Published 25 May 2021


New training suite will help protect vulnerable plant species from overharvesting, inline with CITES Non-Detriment Findings guidance

Next week, CITES1 will hold the 25th meeting of the Plants Committee. Today, TRAFFIC and the German Federal Agency for Nature Conservation (Bundesamt für Naturschutz, BfN) launch a website and eLearning platform dedicated to Non-detriment findings (NDF) guidance for perennial plants and timber.

Ensuring trade is within sustainable limits is at the core of CITES. The trade of Appendix II-listed species is only allowed if the Scientific Authority of the State has advised that “such export will not be detrimental to the survival of that species” (Article IV). These NDFs are a critical step to ensure the export of any specimen will not negatively impact the survival of that species. Although there is a general agreement that NDFs should consider species biology, species range, population structure, status and trends, conservation status and threats, harvest patterns, management measures, and population monitoring there are no rules as to how these must be made.

Parties, IGOs, and the CITES Secretariat have made considerable efforts to develop general and taxon-specific guidance for undertaking NDFs including through the hugely successful First International Expert Workshop on CITES Non-Detriment Findings held in Cancun in 2008.

Collaboration between TRAFFIC and BfN to create and refine guidance for perennial plants began in 2012 and built on discussions during the Cancun meeting. Over the past decade of collaboration, two guidances have been developed on Perennial Plants and Timber based on a step-by-step process. These 9-Step guidance documents have been revised and improved through expert input and feedback from training workshops in a number of countries including Vietnam, Peru, China, Georgia, Gabon, and Mozambique.

Although physical training workshops are a fantastic opportunity to go and interact with colleagues from around the world, development of online training seemed to be a necessity to address the growing demand for training. These online courses enable any Scientific Authority to learn how to apply the 9-Step approach if they wish to.”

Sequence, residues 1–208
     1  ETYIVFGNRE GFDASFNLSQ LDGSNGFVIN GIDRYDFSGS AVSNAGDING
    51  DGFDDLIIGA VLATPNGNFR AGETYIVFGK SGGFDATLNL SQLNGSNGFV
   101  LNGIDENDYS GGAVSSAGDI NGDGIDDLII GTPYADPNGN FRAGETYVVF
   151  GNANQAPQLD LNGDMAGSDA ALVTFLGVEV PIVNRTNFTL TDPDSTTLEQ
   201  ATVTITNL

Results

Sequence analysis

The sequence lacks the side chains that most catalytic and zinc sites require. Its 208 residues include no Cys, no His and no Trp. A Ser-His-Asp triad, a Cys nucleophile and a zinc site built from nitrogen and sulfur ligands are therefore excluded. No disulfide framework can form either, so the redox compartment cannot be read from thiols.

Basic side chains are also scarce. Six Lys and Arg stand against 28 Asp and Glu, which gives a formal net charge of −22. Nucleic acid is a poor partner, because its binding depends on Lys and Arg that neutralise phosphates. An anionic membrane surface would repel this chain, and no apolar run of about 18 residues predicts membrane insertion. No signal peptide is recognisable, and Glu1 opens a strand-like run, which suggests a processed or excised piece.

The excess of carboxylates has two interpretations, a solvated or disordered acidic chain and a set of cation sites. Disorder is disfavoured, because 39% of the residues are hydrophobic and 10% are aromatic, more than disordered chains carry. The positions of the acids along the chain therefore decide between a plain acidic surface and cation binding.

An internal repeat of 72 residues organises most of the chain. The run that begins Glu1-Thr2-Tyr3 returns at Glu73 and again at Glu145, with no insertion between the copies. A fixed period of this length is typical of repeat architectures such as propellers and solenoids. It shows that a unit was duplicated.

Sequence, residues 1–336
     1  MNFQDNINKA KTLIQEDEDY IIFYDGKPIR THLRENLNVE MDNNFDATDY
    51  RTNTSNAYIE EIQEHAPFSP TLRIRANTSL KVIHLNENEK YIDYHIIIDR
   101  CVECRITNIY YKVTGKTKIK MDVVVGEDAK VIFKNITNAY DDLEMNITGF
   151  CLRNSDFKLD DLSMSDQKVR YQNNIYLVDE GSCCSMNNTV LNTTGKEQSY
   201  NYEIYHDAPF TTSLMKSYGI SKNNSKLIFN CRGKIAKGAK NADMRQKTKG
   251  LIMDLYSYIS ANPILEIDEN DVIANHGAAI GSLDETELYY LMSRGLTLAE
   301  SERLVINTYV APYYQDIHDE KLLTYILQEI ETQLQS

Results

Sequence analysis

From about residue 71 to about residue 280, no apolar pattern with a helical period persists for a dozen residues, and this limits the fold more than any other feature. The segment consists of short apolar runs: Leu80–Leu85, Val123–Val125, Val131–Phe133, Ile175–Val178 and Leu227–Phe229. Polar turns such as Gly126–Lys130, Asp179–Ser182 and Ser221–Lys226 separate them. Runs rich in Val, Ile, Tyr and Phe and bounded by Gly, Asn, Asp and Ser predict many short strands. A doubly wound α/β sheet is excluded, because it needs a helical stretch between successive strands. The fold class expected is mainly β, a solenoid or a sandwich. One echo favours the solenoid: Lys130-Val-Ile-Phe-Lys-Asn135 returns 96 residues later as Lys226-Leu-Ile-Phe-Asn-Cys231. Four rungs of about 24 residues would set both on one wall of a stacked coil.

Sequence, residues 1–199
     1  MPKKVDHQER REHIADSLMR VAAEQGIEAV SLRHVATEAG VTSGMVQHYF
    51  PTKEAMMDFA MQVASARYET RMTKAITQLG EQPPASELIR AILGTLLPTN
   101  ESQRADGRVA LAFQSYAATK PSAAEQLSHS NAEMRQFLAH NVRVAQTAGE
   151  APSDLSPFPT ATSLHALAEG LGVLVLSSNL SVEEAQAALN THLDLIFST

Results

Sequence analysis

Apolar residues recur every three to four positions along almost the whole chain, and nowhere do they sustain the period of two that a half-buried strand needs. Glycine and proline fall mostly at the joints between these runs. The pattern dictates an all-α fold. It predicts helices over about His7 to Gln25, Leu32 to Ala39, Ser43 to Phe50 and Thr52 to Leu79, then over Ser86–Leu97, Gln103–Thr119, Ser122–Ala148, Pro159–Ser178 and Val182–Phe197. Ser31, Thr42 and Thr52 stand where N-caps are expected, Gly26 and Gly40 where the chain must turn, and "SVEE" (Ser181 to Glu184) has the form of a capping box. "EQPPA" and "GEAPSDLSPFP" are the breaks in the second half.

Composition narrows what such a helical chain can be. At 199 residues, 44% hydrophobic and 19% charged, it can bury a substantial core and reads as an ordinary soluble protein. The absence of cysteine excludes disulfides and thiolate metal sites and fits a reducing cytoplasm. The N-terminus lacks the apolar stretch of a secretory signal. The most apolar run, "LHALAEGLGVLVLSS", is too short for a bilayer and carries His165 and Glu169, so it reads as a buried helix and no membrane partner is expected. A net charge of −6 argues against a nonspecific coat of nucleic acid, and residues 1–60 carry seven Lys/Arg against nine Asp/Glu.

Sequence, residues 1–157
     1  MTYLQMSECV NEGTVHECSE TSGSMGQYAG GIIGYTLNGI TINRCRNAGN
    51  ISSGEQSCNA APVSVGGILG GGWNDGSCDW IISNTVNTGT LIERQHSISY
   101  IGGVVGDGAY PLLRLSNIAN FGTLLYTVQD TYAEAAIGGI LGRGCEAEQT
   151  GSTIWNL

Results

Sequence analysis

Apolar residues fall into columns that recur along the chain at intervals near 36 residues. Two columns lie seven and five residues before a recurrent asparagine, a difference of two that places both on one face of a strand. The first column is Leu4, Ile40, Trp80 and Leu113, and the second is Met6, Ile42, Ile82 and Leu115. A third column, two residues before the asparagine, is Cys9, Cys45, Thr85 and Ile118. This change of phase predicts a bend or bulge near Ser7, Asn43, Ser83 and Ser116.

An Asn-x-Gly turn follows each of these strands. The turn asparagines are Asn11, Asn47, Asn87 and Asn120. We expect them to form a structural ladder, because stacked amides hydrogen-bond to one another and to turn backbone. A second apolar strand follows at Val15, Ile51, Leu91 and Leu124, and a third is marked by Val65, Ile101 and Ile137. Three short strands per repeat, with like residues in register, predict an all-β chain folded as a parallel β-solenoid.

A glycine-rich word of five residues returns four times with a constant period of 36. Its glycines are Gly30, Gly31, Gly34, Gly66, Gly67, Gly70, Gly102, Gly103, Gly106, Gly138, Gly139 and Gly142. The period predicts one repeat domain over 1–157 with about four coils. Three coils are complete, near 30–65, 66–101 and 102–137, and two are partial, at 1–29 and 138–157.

Thomasina Oldfield, TRAFFIC Director of Programmes and Research

The courses are now available through a dedicated website.

9-Step dedicated website

The website also incorporates a new online decision tree in conjunction with the guidance for recording NDF information. This can be used with the case studies integrated into the courses or for real-life NDF reports.

“The guidances are the result of intensive discussion and interaction with many a CITES party around the world. Like these discussions, the guidances are a prime example that demonstrate the spirit of the Convention. It has been a pleasure to work so collaboratively and constructively with friends and experts from Parties, the CITES Secretariat and TRAFFIC over the past decade”, says Dr Daniel Wolf, from BfN’s Botanical Species Conservation department.

This work has been possible through funding from BfN with money from the German Environment Ministry. Additional funding for workshops and translations came from the German cooperation with ACTO through KfW and the CITES Program on Tree Species.


1 the Convention on International Trade in Endangered Species of Wild Fauna and Flora